Appeal from an order of the Supreme Court, Erie County (Frederick J. Marshall, J.), entered October 8, 2010 in a personal injury action.
Decided on December 23, 2011
Appellate Division, Fourth Department
Published by New York State Law Reporting Bureau pursuant to Judiciary Law § 431.
This opinion is uncorrected and subject to revision before publication in the Official Reports.
PRESENT: SMITH, J.P., PERADOTTO, LINDLEY, GREEN, AND MARTOCHE, JJ.
The order denied the motion of defendant for summary judgment dismissing plaintiff's complaint.
It is hereby ORDERED that the order so appealed from is unanimously modified on the law by granting the motion in part and dismissing the first and third causes of action as well as the second cause of action insofar as it is predicated on the theory of defective design and as modified the order is affirmed without costs.
Plaintiff commenced this action seeking damages for injuries he sustained when, during the course of his employment as a welder with Derrick Corporation (Derrick), his uniform caught fire. The uniform was supplied by defendant to Derrick's employees pursuant to a "Customer Service Agreement" (Agreement) between defendant and Derrick. Plaintiff asserted causes of action for negligence, strict products liability and breach of the implied warranties of merchantability and fitness for a particular purpose.
We agree with defendant that Supreme Court erred in denying those parts of its motion seeking summary judgment dismissing the first and third causes of action alleging, respectively, negligence and breach of the implied warranties of merchantability and fitness for a particular purpose. We therefore modify the order accordingly. With respect to the negligence cause of action, defendant established as a matter of law that it owed no duty to plaintiff to provide or recommend flame resistant uniforms (see generally Faery v City of Lockport, 70 AD3d 1375, 1376; Johnson v Transportation Group, Inc., 27 AD3d 1135, 1136). Defendant also "met [its] initial burden of establishing that the [uniform] was fit and reasonably safe for the ordinary purposes for which it was to be used", thus warranting judgment in its favor on the cause of action for breach of implied warranties (Wesp v Carl Zeiss, Inc., 11 AD3d 965, 968). Plaintiff's submissions in opposition were insufficient to raise a triable issue of fact with regard to those two causes of action (see generally Zuckerman v City of New York, 49 NY2d 557, 562).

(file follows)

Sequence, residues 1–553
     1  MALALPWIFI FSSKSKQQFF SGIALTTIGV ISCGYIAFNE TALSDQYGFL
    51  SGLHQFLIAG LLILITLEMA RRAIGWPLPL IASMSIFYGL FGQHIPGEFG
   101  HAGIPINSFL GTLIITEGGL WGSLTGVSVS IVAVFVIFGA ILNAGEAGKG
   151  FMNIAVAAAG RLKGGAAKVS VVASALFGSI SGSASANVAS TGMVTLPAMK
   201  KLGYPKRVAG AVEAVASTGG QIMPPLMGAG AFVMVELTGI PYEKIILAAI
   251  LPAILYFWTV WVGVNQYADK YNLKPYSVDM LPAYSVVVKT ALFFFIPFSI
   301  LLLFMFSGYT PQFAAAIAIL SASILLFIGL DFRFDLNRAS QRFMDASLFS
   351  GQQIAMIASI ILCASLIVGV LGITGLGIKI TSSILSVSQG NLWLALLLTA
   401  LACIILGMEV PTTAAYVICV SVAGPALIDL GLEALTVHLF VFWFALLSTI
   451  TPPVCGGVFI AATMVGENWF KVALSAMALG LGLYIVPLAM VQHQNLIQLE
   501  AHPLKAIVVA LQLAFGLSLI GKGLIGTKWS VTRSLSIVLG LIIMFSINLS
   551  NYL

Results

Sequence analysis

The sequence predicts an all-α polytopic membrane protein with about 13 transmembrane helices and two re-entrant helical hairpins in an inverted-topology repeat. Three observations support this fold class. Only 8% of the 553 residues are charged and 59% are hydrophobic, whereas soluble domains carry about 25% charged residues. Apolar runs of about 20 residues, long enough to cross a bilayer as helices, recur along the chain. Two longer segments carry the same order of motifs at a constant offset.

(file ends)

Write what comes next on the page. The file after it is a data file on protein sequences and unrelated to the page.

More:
The court further erred in denying that part of defendant's motion seeking summary judgment dismissing the second cause of action, alleging strict products liability, insofar as that cause of action is predicated on the theory of defective design. Defendant submitted evidence that it offered flame resistant uniforms to Derrick, and that Derrick, which was in the best position to evaluate the needs of its employees, made a deliberate decision not to make defendant's flame resistant uniforms available to its employees. Instead, Derrick obtained flame resistant garments from another vendor. That evidence was sufficient to establish as a matter of law that defendant fulfilled its duty not to market or supply a defective product, and plaintiff failed to raise an issue of fact (see Dick v NACCO Materials Handling Group, Inc., 37 AD3d 1108, 1109; Geddes v Crown Equip. Corp., 273 AD2d 904). We therefore further modify the order accordingly.
We conclude, however, that the court properly denied that part of defendant's motion seeking summary judgment dismissing the strict products liability cause of action insofar as that cause of action is predicated on the theory of failure to warn. "[I]n all but the most unusual circumstances, the adequacy of a warning is a question of fact" to be determined at trial (Nagel v Brothers Intl. Food, Inc., 34 AD3d 545, 547 [internal quotation marks omitted]; see Repka v Arctic Cat, Inc., 20 AD3d 916, 918). Defendant had an independent duty, irrespective of the duty undertaken by Derrick under the Agreement, to warn employees that the uniforms were not flame resistant (see Cohen v St. Regis Paper Co., 109 AD2d 1048, 1049, affd 65 NY2d 752; Billsborrow v Dow Chem., 177 AD2d 7, 17), and defendant failed to establish as a matter of law that the uniform label provided an adequate warning with respect to the flammability of the fabric (see generally Cover v Cohen, 61 NY2d 261, 276-277). Contrary to defendant's contention, moreover, the admitted failure ...